Facebook’s big announcement last week was Sponsored Stories, a new ad format that allows brands to highlight organic News Feed items, such as Likes and checkins, to increase the chances friends see these stories and take actions to connect with the brand.

It’s too early to know how well these will work, but the announcement suggests Facebook’s self-serve ad platform will be getting a much needed update in the next few weeks. The interface for creating ads is not as functional as it could be, and the ad preview is outdated since Facebook changed the layout of profiles. Facebook advertisers should look forward to improvements for both ad creation and reporting.

Page Insights have already gotten an upgrade this year, with admins now able to easily select a date range for data. There’s also a movement toward real-time impressions data for posts. Page admins will be served well if this is part of a greater push to provide more up-to-date analytics. Page Insights are often a day or two behind.

On the community management side, a major new feature will be the ability to receive notifications about fan activity on a page. (Some admins got a preview of this when a bug accidentally revealed prototype features in December.) Admins of popular pages know how hard it is to keep track of new comments and posts. Third-party apps don’t track all activity, but Facebook’s pending feature is likely to be more complete.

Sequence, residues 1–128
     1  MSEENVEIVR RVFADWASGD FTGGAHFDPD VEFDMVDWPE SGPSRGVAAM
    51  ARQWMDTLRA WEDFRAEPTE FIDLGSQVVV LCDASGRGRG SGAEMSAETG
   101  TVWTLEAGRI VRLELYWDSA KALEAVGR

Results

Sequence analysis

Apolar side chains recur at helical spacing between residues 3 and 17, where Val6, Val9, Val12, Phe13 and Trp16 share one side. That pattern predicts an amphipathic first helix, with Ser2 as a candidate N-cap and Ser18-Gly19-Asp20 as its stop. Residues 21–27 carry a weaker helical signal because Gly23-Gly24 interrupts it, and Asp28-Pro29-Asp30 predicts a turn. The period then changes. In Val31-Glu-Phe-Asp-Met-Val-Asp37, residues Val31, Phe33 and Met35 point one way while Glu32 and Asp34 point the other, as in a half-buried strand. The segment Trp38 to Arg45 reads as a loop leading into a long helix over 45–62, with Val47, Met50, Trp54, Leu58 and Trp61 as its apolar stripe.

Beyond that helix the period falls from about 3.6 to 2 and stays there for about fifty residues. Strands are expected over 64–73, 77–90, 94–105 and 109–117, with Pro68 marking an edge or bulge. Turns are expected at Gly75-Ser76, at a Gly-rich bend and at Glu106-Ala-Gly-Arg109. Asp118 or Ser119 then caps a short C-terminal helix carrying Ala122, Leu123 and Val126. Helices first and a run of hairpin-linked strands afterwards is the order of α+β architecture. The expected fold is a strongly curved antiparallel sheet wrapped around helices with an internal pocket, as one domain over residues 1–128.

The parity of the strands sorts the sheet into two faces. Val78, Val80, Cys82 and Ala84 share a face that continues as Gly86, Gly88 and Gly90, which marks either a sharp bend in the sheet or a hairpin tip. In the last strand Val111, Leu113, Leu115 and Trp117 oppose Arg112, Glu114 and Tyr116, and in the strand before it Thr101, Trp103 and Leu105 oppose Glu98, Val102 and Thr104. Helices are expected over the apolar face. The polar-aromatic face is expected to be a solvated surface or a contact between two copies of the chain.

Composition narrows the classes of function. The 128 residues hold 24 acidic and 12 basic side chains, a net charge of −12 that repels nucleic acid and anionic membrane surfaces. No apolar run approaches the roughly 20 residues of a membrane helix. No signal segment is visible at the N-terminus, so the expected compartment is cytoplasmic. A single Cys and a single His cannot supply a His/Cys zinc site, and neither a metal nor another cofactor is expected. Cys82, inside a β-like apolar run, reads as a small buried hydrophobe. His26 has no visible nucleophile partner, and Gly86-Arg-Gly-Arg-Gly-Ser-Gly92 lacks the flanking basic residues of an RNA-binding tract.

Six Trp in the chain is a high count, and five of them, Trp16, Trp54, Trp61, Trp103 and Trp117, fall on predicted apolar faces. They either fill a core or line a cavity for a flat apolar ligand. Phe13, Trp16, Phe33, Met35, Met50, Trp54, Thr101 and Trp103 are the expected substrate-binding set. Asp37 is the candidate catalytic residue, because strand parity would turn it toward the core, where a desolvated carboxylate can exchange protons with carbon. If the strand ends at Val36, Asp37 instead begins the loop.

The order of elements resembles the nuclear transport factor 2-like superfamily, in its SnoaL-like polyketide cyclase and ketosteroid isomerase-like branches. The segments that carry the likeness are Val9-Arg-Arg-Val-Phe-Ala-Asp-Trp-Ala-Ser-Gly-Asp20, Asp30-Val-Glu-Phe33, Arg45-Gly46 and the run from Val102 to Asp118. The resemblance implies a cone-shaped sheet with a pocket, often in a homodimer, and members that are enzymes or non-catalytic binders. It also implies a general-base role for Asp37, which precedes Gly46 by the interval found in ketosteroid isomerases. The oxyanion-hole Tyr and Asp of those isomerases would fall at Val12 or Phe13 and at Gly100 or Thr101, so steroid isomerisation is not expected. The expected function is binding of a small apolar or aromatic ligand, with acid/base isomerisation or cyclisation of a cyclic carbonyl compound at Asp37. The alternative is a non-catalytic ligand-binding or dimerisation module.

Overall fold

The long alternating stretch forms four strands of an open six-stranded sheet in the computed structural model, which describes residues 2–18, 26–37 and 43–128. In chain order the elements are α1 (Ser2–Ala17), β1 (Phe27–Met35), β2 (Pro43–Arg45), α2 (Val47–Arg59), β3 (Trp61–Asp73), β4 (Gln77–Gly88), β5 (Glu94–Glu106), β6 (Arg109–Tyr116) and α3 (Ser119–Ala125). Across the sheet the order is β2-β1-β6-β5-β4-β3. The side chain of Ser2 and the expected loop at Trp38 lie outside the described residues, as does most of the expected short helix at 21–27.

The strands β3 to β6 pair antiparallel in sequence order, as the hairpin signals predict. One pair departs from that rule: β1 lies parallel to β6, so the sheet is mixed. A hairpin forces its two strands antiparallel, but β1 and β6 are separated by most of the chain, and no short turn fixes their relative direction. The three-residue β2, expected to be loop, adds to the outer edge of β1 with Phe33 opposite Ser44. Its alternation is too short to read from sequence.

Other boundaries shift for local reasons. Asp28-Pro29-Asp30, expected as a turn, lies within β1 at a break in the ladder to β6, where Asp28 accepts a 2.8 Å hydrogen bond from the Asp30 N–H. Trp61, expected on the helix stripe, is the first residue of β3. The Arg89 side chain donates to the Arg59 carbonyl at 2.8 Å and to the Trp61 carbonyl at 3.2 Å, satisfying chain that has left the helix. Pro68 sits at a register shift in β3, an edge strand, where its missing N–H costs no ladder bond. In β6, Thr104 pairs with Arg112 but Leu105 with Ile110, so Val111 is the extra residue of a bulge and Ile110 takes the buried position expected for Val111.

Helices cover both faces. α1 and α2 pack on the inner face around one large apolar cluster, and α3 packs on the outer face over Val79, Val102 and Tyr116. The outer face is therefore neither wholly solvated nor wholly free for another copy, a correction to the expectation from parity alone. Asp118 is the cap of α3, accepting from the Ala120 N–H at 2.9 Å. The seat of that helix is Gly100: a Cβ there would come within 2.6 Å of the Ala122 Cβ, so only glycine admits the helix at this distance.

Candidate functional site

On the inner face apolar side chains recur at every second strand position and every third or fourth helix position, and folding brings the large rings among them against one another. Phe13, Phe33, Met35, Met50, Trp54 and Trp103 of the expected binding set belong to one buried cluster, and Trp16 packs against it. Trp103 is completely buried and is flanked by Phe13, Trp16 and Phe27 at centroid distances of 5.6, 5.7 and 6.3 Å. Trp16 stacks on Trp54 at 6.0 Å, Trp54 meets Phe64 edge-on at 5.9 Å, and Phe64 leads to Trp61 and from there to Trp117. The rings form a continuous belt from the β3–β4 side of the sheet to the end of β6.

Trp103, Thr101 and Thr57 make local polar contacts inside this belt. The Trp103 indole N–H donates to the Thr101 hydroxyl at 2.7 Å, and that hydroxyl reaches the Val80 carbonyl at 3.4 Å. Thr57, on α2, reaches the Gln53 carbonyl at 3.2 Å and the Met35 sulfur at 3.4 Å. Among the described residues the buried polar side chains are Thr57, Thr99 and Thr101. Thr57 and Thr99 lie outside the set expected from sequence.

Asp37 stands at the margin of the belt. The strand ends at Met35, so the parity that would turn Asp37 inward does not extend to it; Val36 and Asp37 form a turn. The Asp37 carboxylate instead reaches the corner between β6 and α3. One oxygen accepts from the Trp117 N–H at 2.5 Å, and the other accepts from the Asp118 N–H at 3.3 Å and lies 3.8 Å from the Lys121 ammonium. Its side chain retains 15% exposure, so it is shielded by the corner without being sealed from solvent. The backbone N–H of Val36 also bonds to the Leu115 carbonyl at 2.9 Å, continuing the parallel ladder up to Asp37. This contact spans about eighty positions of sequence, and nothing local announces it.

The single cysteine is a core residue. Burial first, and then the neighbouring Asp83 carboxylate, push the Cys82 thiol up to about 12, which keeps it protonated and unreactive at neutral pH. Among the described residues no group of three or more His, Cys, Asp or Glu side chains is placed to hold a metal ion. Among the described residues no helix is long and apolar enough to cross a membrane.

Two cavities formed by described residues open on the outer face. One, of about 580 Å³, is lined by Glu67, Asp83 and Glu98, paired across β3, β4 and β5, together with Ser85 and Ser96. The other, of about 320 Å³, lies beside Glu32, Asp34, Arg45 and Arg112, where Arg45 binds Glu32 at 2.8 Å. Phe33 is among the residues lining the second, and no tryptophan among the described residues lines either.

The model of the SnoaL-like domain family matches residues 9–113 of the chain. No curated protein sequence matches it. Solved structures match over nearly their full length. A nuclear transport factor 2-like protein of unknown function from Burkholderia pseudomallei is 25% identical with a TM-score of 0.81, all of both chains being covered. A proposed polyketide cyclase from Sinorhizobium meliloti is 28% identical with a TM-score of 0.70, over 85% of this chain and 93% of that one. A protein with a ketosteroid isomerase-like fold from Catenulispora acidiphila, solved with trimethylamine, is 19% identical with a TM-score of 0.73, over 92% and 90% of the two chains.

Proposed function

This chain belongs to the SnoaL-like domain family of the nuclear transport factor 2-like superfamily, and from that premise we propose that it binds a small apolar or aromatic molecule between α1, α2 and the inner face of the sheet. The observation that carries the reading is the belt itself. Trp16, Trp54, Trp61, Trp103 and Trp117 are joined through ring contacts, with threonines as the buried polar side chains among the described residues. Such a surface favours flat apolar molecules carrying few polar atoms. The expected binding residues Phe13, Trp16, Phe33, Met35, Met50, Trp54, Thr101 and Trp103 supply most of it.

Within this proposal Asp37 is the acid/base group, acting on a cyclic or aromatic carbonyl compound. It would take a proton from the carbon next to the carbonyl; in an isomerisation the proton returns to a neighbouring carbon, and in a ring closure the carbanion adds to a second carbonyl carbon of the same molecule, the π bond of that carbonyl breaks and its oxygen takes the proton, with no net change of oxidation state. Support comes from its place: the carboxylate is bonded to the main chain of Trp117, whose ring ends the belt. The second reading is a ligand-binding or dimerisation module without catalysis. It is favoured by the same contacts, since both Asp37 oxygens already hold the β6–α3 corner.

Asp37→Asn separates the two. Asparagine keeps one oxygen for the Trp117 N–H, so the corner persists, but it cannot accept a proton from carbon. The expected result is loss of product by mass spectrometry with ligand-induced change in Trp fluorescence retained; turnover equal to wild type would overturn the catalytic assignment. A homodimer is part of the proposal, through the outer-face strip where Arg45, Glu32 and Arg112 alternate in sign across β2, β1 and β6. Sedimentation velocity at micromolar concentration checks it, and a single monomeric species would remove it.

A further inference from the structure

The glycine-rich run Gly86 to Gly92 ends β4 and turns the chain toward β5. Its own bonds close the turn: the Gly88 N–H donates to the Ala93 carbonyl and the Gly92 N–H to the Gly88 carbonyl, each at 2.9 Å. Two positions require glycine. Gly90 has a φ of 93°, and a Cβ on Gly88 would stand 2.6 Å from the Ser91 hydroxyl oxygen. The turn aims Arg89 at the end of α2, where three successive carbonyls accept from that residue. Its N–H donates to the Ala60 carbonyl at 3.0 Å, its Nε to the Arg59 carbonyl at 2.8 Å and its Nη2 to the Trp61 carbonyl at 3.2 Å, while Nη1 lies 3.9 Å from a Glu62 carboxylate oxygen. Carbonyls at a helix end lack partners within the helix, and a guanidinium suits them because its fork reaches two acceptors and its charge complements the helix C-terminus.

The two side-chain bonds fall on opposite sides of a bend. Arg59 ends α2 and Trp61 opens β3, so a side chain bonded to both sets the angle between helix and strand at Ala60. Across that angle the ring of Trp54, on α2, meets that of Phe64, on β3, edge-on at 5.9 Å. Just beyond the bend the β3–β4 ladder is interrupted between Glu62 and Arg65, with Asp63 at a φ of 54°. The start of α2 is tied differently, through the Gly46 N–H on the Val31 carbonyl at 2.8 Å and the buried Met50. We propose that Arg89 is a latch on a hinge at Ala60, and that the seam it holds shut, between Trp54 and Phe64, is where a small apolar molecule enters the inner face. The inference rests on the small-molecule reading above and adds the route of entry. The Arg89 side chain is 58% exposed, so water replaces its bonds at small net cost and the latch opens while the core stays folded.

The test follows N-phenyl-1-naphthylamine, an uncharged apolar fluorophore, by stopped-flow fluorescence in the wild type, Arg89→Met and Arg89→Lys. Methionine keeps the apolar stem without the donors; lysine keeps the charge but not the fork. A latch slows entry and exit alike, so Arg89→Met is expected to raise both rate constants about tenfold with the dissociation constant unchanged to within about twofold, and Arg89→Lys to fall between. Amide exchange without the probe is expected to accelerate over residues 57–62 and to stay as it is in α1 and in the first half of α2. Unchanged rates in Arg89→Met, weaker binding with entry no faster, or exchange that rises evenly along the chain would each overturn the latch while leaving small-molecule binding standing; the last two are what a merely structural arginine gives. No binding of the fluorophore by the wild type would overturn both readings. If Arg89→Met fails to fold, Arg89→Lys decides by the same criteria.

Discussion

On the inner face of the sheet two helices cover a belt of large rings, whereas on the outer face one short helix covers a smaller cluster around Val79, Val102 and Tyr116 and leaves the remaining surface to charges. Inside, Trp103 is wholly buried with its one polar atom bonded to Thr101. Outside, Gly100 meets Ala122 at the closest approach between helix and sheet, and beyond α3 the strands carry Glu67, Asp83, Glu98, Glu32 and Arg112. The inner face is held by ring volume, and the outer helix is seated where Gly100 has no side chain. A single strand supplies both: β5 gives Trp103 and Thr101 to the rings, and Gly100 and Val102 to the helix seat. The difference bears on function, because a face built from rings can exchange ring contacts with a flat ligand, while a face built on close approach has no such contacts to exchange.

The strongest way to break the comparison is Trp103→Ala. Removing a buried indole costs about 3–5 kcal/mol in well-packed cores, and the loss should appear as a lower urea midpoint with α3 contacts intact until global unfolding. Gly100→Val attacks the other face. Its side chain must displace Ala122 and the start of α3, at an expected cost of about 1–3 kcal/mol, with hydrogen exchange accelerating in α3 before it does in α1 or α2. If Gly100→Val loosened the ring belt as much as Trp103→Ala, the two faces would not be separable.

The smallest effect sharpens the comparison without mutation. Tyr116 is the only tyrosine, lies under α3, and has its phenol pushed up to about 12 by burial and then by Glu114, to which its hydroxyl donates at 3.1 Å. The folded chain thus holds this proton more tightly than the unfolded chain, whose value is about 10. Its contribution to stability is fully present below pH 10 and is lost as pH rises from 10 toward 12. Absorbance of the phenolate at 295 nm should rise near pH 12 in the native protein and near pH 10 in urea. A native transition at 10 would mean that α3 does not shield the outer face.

Other things Facebook has in the works include a top posts filter for pages and a new way to promote page updates in the latest Facebook Messages product.

On Friday, the company redesigned the interface for creating new pages, further signaling that Facebook is putting more thought toward the experience of people who use Facebook for business.

2011 could be the year admins have been waiting for.

As the year comes to a close and I reflect on the work I’ve done, I can’t help but think about how different Facebook was at the start of 2010.

Facebook’s own timeline isn’t very helpful, except to show that Facebook gained 200 million users since December 2009.  Even Flowtown, maker of many great infographics, failed to show just how much Facebook did this year. That’s why I put together this comprehensive, but probably still not complete, timeline of Facebook in 2010.

Some changes helped marketers, others seemed to be direct attacks against us. The introduction of the Open Graph Protocol and social plugins like the Like Button have, in only a few months, begun to reshape the face of the web. With Places and Deals, we have major new features to incorporate in our campaigns. We have more analytics about the Pages we manage and the apps we implement. We can share larger photos and Like our fans’ comments. And Facebook ad targeting is becoming increasingly more effective.

There were many other additions, tweaks and redesigns that have changed the way we all consume and interact with Facebook. It’s mind-blowing to think of what next year could hold.

But I’m excited to find out.

Facebook Timeline 2010

January

February

March

April

May

  • Added ability to create Events from the homepage
  • Launched 0.facebook.com, a simplified mobile version of the site that can be accessed free to international users with certain carriers
  • Changed the privacy settings dashboard in wake of controversy from the Open Graph and Instant Personalization announcements (Facebook claims to have simplified the process for controlling privacy, but the interface still needs work)

June

July

August

September

October

November

  • Announced Single Sign-On, which is like Facebook Connect for mobile apps
  • Introduced Deals, an addition that lets businesses offer coupons or other deals to people checking in with Facebook Places
  • Announced new Messages product, which combines text, chat and email to make communication more seamless. This feature has not been released to all users.

December